Using a unique set of surveys that tracked voters over decades, Margolis finds that Republicans were more likely to become more religious once they had young children. Democrats, however, were not. In other words, it’s not that Democrats left religion so much as Republicans became more religious because they were Republicans. The God gap, at least to some extent, was driven by partisanship, not religion.
Remember the Caveats
A key part of this explanation is that people must perceive the Republican Party as friendlier toward religion than the Democratic Party. Margolis finds that people need to be knowledgeable about politics for partisanship to drive their religious involvement.
Race is also important. Margolis reports that while about two-thirds of white Democrats and white Republicans see the Republican Party as more religious, only one-quarter of blacks see the GOP this way. In the eyes of many blacks, Republican positions on abortion, sexuality, and other social issues do not compensate for a perceived failure on issues of justice and racial equality. As a result, the partisan-driven sorting into religious categories is not found among blacks; it is primarily an explanation for division among whites.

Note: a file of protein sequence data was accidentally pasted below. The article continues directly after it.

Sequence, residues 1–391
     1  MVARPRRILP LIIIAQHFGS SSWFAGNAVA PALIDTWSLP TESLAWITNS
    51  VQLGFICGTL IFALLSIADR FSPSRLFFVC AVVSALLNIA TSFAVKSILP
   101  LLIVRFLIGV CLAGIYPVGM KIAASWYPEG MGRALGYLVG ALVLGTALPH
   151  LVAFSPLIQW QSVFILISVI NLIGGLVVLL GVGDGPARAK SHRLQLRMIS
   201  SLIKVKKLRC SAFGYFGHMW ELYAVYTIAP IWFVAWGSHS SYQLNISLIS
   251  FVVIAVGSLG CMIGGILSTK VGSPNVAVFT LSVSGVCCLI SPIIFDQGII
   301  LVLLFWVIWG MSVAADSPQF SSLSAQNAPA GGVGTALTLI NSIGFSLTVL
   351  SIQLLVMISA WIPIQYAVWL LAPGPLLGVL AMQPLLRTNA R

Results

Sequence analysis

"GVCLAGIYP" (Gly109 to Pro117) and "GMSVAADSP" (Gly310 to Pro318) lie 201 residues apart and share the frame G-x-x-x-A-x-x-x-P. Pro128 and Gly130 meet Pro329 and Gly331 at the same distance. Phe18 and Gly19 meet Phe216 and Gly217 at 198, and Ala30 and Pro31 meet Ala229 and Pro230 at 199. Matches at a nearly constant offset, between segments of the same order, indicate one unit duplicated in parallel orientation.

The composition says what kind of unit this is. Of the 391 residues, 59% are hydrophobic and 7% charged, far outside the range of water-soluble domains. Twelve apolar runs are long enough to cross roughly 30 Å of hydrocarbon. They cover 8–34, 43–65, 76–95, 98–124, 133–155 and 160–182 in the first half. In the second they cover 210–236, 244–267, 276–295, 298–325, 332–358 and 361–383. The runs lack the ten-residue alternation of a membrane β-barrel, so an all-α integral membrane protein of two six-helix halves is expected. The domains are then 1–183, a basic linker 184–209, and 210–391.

Margolis does an excellent job of examining the implications of her research and unpacking the complexities. My fear, however, is that readers won’t take these nuances as seriously as the author does. It would be simplistic to describe this book as arguing that people choose religion because of politics. It does show that, but with several important caveats: The partisan effect occurs among certain people at a certain stage in life, specifically white partisans with young children and a keen understanding of politics. By contrast, partisanship has a much smaller effect (if any) on the religion of blacks, older Americans, younger adults, political independents, and those who know little about politics.
From Politics to the Pews is a thoroughly researched and nuanced book that may be too detailed for the casual reader. It presents Margolis’s research in a manner useful for convincing other researchers. That said, it is well-written and accessible, and it expands our understanding of why people are religious and how politics can shape religious identities.
Tobin Grant teaches political science and sociology at Southern Illinois University.